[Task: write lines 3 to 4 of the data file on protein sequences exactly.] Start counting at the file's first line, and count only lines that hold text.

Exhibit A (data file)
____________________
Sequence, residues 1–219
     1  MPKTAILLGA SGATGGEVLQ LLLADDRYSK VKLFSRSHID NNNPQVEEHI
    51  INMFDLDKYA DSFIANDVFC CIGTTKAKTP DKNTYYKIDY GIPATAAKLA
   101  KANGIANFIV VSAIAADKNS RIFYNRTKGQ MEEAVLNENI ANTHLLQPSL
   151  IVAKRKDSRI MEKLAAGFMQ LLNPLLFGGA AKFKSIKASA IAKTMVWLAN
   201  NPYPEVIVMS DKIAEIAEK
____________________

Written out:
    51  INMFDLDKYA DSFIANDVFC CIGTTKAKTP DKNTYYKIDY GIPATAAKLA
   101  KANGIANFIV VSAIAADKNS RIFYNRTKGQ MEEAVLNENI ANTHLLQPSL